Dr Anand Patel - interview for Embarrassing Bodies

Category: Interview

We sat down with Dr Anand Patel, one of the new medical experts on the E4 reboot of Embarrassing Bodies.

Embarrassing Bodies starts Thursday 19th May at 9pm on E4 and All 4. 

  1. Tell us a little bit about you…?
    I am GP by training, but my specialist interests are sexual function and men’s health.
  2. Embarrassing Bodies – how exciting is it to be part of the reboot of this iconic series?
    Completely ridiculous! I got brought into the process late and wasn’t really sure what was happening. Then the team at Maverick told me that I was doing Embarrassing Bodies…I was so excited. When the show first aired, I was so envious of the previous doctors. I always wanted that job back then! Now to be on it, is fabulous. It is daunting as there are big shoes to fill, and also, a lot of my friends are doctors and I don’t want them to look at me and go…’he doesn’t know what he’s doing!’
  3. Tell us what your expertise will bring to the panel of medical professionals?
    I specialise in sexual function and dysfunction. That isn’t the same as sexual infections. It’s erectile problems, painful sex and difficulties with orgasms. I find it fascinating, and I find it interesting that we don’t talk about it enough, but everyone is obsessed about it. It is brilliant to be on a show that is openly talking about sex, but in a really positive way. We’re not shying away from difficult questions.
  4. Embarrassing Bodies is known for having its shocking moments, what can viewers expect from this series?
    The original series was ground-breaking from what we seen before on TV. This series differs as it is the openness of the contributors and how much they are willing to tell us and willing to be vulnerable and let us in to help them.
  5. Tell us what is different from the original run of Embarrassing Bodies?
    It’s a delight. It’s much more representative of the doctors that people would go out and see. It’s a diverse doctor team who are incredibly talented. They are really warm and approachable, but they are also really different to me and have their own specialist areas so it’s really interesting in hearing their viewpoints on certain subjects.
  6. Have you found that since the COVID-19 pandemic, young people have found it more difficult to come and talk about a personal problem?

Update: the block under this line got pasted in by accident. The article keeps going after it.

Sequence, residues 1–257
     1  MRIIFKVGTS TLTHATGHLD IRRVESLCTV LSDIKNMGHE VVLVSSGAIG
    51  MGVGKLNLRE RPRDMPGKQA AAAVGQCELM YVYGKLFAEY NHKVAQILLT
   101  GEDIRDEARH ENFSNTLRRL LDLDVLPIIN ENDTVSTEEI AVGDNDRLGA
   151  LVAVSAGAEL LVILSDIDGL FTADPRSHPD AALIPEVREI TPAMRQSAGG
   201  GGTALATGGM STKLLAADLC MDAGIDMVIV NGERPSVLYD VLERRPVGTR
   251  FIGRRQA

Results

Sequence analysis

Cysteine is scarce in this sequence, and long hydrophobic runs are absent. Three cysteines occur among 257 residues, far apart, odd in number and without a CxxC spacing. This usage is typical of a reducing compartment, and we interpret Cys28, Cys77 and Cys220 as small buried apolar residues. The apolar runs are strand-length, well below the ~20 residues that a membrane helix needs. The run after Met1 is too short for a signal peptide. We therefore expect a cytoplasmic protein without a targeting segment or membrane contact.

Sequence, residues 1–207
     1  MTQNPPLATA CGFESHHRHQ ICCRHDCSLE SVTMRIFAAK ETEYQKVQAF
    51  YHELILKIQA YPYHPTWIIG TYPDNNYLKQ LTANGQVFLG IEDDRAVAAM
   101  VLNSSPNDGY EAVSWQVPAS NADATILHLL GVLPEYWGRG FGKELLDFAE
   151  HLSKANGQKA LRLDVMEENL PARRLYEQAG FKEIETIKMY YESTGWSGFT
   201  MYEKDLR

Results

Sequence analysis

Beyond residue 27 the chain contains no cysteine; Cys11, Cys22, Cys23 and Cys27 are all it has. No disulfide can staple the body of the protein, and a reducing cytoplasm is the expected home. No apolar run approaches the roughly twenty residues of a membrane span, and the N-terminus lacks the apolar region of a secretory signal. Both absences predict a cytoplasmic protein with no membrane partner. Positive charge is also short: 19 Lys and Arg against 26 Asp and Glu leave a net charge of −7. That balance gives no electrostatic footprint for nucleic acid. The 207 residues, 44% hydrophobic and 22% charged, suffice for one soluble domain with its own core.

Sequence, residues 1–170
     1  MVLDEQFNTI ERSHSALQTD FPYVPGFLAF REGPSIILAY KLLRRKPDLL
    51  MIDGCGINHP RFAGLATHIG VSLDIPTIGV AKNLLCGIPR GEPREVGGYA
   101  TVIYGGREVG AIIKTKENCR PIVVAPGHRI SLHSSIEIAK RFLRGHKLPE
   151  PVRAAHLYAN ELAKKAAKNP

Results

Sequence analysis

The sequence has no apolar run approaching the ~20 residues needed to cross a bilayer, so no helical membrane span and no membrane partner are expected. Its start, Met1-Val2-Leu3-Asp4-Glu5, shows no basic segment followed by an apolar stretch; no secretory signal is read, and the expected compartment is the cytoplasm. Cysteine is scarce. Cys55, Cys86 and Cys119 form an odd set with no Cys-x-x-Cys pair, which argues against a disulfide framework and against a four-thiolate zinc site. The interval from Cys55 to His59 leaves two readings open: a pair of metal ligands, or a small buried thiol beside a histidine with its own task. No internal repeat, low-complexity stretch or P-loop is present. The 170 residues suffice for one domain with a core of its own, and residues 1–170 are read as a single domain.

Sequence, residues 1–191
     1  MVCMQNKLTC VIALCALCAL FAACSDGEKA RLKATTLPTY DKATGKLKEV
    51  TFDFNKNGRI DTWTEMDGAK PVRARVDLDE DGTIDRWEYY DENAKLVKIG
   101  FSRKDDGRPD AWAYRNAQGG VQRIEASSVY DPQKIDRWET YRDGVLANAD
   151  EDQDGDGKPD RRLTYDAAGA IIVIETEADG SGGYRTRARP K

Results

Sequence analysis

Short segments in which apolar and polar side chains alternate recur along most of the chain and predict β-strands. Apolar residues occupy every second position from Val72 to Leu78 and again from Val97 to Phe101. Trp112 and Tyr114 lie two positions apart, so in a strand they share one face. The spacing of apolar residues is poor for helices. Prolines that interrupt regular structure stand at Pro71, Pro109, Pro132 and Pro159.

I think there is a lot of pent-up care that needs to occur. Very kindly people held back at first as they knew what the NHS was going through. However, it is the mental health impact that I have been most concerned with. People have been isolated for a long time – and that’s not just older people or vulnerable patients – it’s young people too. It’s not only because people have struggled with the anxiety around the pandemic itself, but its money worries, going back to their home environments and not being around their chosen families and friends, that has made people feel vulnerable and had a significant impact on their mental health. I think the pandemic has been really difficult for young people, but hopefully we are on our way to adapting to it. It is certainly in no way over. There is a lot of care that needs to happen in terms of mental health impact, and we’re doing what we can to support with this.

  7. What do you hope viewers can take away from this series?
    I would love if people can think about their bodies with less shame – it’s an incredible ‘machine’ we should be amazed by and delight in and take pleasure from. I would like people to pick up some tips and tricks that would help them live longer happier lives in good health. I also want viewers to come and get their body or mind checked, if they have a concern. We’re not monsters, we’re not people to be feared - we’re not going to tell you off!
  8. What are your top tips for encouraging young people to visit their GP if they have an issue?
    If you have something that persists or that you’re worried about, that is serious, painful, a new lump or something that looks like it might fall off (!) or whatever…go and see your GP. They might tell you that's normal, or they might want to investigate it, but we don’t mind you coming to talk to  us – that’s our job! I’d much rather reassure someone than wish they’d come to us sooner!